Gasland the Movie

Here’s the critical passage from the FRAC Act: “Section 1421(d)(1) of the Safe Drinking Water Act is amended by striking subparagraph (B) and inserting: (B) includes the underground injection of fluids or propping agents pursuant to hydraulic fracturing operations related to oil and gas production activities.”

Why would you need to “insert” new language into a 36-year-old statute if all you were looking to do is merely “restore” it?

Misrepresenting the Rules

(1:00:56) “Because of the exemptions, fracking chemicals are considered proprietary … The only reason we know anything about the fracking chemicals is because of the work of Theo Colborn … by chasing down trucks, combing through material safety data sheets, and collecting samples.”

With due respect to eminent environmental activist and former World Wildlife Fund staffer Theo Colborn, no one has ever had to “chas[e] down a truck” to access information on the materials used in the fracturing process.

That’s because there’s actually a much easier way to obtain that information: simply navigate to this website hosted by regulators in Pennsylvania, this one from regulators in New York (page 130; it will take a few moments to download), this one for West Virginia, this one maintained by the Ground Water Protection Council and the U.S. Department of Energy (page 63), and this one on the website of Energy In Depth.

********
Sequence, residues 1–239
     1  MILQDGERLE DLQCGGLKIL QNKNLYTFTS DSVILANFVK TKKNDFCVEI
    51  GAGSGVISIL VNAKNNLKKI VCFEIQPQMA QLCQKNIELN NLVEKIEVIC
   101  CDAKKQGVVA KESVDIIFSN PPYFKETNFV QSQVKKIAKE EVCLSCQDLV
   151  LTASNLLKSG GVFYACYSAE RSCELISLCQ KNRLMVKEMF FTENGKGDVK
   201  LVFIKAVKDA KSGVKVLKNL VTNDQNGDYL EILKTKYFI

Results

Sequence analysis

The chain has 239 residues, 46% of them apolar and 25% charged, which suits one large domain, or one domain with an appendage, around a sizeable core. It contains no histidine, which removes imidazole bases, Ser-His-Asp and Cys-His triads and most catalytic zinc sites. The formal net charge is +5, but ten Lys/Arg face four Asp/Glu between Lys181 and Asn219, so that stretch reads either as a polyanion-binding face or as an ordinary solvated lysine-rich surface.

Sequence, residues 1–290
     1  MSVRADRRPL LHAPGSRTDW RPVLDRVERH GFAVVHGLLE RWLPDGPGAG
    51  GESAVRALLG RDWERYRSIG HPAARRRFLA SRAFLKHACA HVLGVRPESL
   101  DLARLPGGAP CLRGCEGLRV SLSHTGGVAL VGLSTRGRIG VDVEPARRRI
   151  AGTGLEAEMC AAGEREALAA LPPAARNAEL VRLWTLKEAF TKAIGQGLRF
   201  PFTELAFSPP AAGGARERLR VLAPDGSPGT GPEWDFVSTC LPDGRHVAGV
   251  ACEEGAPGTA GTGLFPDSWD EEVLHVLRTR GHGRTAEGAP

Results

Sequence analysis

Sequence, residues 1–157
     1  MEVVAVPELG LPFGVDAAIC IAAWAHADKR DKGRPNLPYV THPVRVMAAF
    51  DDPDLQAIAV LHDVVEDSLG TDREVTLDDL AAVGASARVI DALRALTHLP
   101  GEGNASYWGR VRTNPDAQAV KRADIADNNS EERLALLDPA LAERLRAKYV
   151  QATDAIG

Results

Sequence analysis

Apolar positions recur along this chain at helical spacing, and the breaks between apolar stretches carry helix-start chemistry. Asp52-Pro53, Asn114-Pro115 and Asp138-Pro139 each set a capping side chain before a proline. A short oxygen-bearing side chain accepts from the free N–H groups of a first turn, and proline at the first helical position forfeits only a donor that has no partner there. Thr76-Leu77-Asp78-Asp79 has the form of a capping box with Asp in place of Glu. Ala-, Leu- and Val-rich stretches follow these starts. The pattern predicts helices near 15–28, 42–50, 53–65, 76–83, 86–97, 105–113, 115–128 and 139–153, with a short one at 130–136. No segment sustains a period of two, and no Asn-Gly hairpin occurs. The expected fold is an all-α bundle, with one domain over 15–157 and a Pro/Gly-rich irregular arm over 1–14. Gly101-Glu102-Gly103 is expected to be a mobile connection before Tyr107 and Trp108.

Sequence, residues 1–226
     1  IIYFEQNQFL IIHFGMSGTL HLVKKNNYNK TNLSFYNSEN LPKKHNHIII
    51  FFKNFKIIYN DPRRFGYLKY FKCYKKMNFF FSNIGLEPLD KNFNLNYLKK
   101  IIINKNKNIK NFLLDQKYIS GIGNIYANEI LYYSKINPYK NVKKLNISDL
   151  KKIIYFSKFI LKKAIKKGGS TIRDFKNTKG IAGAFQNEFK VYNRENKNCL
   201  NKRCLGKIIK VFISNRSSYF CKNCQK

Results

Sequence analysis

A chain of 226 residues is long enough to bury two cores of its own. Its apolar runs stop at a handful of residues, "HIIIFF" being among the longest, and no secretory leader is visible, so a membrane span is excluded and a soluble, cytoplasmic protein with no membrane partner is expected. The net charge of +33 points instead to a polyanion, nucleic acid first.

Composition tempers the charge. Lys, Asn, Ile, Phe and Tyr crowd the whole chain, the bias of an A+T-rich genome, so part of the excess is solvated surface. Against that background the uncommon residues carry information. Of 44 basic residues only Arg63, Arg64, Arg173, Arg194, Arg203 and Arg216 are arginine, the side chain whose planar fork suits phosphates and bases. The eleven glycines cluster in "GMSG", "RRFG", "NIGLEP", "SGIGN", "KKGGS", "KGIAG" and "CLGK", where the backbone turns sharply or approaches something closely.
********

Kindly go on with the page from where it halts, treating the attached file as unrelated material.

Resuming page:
(1:03:33) Dr. Colborn: “Once the public hears the story, and they’ll say, ‘Why aren’t we out there monitoring’? We can’t monitor until we know what they’re using. There’s no way to monitor. You can’t.”

According to environmental regulators from Josh Fox’s home state of Pennsylvania, “Drilling companies must disclose the names of all chemicals to be stored and used at a drilling site … These plans contain copies of material safety data sheets for all chemicals … This information is on file with DEP and is available to landowners, local governments and emergency responders.”

Environmental regulators from Fox’s adopted state of New York also testify to having ready access to this information. From the NY Dept. of Environmental Conservation (DEC) information page: “The [state] is assessing the chemical makeup of these additives and will ensure that all necessary safeguards and best practices are followed.”